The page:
The underlying code is disappointing. It’s really something that you would just delete and start over. It suffers from inline styles, divitis, classitis, inline scripts, validation errors (163 for the front page) and overall ugliness. The front page needs 67 requests and 724kB to load in 3.24 seconds (there are a few banners on the site though). Disappointing but expected is the fact that they don’t use Microformats but I was positively surprised that you can use OpenID to log in — I’ve never left a comment on local news sites because you need to register with each one. And I never do.


Posted by Tomaž Štolfa it’s actually not available yetavailable now through but can be accessed directly through It’s a nice page but with a shift in concept — the magazine is a weekly publication while the online edition will publish daily (or probably all the time). It too is wider than the previous version with a width of 1024 leaning on the left side of the browser.

The design is nice and gives good feedback in use. It’s made on a simple 5—column grid with the 5th column being used only in the head and for the banner. The only thing that is quite annoying is the banner at the top that moves the whole page down another 90px for no good reason (at least not for the users?). The content is much easier to read with a 12px font size, 1.5em line–height at 563px width (~47em). It also makes use of few different typeface which adds to the overall experience of surfing. Vertical rhythm in text is achieved through crappy code with paragraphs being spaced with <br /> elements.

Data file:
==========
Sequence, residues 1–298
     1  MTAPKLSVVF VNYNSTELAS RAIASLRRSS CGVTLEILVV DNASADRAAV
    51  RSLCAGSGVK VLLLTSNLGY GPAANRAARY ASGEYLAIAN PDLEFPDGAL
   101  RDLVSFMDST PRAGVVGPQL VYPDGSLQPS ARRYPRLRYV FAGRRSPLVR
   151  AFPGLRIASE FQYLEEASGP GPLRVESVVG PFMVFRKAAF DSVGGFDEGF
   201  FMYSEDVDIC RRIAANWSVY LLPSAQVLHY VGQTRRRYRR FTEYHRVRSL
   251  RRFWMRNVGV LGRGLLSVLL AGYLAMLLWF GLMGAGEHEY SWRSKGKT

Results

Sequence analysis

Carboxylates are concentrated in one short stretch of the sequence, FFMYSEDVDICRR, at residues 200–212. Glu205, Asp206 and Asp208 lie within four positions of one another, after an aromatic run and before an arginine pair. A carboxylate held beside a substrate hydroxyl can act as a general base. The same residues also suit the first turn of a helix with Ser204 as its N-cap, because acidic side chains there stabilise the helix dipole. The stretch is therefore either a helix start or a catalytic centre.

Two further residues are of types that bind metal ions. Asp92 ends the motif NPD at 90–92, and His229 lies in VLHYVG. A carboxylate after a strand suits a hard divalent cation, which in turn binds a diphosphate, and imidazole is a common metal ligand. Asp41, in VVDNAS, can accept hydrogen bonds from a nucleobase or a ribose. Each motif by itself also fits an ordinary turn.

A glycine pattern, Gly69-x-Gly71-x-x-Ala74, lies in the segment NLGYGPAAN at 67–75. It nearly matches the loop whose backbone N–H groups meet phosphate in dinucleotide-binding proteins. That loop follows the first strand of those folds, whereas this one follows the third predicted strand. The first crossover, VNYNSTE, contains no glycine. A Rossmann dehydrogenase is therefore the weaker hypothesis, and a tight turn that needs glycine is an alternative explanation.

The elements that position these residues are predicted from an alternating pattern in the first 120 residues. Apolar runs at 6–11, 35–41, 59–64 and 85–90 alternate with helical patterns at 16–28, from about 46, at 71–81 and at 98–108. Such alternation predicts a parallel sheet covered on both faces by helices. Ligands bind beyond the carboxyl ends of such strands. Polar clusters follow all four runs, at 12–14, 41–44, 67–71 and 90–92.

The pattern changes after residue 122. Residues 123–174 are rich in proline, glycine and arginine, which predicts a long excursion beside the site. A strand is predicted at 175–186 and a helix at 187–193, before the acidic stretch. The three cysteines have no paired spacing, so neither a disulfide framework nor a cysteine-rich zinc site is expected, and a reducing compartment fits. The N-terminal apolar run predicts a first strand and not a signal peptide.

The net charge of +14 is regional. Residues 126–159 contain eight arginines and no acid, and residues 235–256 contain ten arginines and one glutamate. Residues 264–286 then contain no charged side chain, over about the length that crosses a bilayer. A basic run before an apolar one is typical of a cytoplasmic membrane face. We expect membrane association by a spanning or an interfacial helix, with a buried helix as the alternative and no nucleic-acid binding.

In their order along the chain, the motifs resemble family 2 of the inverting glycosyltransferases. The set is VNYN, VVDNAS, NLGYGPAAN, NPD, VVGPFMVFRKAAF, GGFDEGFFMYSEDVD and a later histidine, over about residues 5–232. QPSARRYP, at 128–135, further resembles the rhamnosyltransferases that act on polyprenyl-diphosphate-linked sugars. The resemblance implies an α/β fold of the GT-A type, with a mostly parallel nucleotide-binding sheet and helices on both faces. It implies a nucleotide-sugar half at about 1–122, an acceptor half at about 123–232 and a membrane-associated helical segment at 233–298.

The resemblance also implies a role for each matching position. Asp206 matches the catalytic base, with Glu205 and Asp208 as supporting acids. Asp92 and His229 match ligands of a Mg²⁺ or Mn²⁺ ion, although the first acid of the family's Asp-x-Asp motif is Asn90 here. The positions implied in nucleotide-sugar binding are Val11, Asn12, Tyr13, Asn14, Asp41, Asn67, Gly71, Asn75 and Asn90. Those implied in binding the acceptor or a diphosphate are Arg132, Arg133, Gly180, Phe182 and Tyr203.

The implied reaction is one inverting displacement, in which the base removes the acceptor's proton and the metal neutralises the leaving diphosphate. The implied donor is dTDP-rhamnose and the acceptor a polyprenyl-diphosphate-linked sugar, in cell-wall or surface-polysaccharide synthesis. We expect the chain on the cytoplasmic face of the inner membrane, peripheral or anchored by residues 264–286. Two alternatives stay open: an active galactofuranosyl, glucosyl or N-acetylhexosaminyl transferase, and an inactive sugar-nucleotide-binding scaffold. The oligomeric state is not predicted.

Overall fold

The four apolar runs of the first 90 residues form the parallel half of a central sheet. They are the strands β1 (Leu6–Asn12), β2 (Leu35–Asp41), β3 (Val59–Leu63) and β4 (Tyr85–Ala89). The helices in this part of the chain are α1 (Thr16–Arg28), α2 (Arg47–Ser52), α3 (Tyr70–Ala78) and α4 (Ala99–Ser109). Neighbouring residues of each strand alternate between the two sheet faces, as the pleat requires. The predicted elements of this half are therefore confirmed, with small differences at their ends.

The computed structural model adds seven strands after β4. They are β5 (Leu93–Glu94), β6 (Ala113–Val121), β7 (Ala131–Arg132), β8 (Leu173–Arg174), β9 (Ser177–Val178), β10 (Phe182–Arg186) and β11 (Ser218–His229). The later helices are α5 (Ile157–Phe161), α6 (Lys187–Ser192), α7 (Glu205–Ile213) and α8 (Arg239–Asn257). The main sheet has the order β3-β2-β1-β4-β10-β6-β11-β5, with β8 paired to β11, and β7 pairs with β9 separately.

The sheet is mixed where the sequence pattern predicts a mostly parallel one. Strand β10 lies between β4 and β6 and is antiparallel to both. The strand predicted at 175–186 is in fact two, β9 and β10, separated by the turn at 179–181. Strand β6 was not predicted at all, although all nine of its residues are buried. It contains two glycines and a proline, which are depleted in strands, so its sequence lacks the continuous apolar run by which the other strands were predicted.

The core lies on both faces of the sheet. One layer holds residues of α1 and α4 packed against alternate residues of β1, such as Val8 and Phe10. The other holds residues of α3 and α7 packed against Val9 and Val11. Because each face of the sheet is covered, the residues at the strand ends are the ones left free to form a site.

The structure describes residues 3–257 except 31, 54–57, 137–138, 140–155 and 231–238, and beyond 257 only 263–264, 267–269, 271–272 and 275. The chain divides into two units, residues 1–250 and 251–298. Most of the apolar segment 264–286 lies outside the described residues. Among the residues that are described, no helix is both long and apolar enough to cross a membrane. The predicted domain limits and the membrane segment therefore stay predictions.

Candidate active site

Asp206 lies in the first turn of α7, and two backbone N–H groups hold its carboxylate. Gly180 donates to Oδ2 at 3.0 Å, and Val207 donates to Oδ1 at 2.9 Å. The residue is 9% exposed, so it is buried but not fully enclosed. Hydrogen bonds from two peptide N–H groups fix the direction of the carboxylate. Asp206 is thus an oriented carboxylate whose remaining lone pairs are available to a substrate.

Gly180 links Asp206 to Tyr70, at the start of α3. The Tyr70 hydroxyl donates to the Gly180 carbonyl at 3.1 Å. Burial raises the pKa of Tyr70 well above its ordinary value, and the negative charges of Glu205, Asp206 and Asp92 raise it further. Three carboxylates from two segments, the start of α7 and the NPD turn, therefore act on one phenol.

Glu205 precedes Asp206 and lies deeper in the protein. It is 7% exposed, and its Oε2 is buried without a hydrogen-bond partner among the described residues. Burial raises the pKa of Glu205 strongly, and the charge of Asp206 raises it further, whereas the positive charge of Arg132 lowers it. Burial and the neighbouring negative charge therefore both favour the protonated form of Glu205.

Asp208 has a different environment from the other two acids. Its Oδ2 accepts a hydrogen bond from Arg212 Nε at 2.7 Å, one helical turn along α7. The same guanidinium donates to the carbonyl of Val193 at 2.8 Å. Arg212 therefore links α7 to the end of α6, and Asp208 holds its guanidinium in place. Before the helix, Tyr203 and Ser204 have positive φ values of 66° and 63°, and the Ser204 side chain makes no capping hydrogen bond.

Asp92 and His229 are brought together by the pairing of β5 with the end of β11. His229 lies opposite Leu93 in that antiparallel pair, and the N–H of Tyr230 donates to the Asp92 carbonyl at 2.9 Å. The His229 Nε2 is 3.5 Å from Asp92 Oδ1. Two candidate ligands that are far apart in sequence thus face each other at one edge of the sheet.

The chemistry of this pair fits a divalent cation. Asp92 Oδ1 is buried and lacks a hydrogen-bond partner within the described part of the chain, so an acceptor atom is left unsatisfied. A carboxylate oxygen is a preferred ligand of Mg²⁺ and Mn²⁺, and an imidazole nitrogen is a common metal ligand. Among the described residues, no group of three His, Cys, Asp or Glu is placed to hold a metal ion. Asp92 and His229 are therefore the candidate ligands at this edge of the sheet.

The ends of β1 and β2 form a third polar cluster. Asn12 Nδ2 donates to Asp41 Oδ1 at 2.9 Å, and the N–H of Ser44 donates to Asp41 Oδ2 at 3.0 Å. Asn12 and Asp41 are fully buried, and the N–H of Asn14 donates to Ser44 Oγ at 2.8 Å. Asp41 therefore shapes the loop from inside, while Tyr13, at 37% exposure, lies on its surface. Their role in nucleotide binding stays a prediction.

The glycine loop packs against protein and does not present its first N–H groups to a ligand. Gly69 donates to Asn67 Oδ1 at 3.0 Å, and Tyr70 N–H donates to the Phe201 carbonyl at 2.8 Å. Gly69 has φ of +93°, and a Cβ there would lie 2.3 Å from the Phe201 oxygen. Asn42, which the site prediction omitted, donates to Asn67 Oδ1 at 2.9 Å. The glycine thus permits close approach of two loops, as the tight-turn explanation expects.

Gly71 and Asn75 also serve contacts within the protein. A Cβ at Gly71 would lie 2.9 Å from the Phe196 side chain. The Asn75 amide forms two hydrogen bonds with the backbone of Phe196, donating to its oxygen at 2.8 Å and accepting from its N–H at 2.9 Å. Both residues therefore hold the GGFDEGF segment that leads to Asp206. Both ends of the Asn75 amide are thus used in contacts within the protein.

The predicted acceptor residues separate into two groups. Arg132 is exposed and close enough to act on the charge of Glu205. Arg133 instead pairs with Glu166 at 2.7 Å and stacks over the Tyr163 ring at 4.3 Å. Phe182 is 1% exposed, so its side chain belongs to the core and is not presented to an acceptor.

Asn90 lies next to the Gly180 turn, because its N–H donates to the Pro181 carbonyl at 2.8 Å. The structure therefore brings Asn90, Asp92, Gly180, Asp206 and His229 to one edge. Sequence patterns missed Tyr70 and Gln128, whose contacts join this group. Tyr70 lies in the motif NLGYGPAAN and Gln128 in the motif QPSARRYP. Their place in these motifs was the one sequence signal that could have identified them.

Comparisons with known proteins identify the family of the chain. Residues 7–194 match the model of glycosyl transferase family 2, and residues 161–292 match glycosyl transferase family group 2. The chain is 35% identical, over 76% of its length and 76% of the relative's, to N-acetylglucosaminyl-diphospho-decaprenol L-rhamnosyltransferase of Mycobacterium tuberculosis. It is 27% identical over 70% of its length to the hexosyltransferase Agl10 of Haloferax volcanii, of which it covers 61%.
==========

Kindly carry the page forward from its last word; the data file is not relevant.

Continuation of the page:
The code is nothing to look at. It has 71 validation error on the front page with the first ones starting in the head element (unclosed meta elements). It too sports inline styles and scripts (which are at least wrapped in CDATA) and it too suffers from a heavy infection of divitis. It even has some <center> tags that I haven’t seen for quite some time now. The front page loads in 2.54 seconds for 58 requests and 582kB with all requests except Google Analytics going to the same domain. Microformats are nonexistent and so is OpenID — no need to have registration if you can’t leave comments2.

  1. No need for a disclaimer anymore — I don’t know who designed or coded these pages and I don’t work at their competitors. back
  2. WHAT? Isn’t this supposed to be the most open and future thinking newspaper? back

Another year gone by

Thursday, April 10th, 2008

A few days ago this blog celebrated its second birthday. It’s been a good year, with links to my article published by such notable authors as Luke Wroblewski and Ethan Marcotte – the same article was translated into Russian. The blog was also included in Planet Microformats.

I’ve written only 61 posts (down from 100 in the first year), gotten 134 comments (down from 155 in the first year) and more than 70.000 spam comments (up from 17.000). I have 56 subscribers according to FeedBurner, which is more than a 100% increase from 25 a year before.

Firefox is the dominant browser with 47%, Internet Explorer lost some market share and is down to 44% with Safari rising to 4% and Opera to 2.5%. Almost 90% of the visitors have Flash 9 installed, an additional 4.5% are stuck at Flash 8. Screens grew a bit with only 27% having 1024×768 or less (32% year before) and less than 2% 800×600 or less. Windows have a share of 85%, Mac OS 10%, Linux 4%.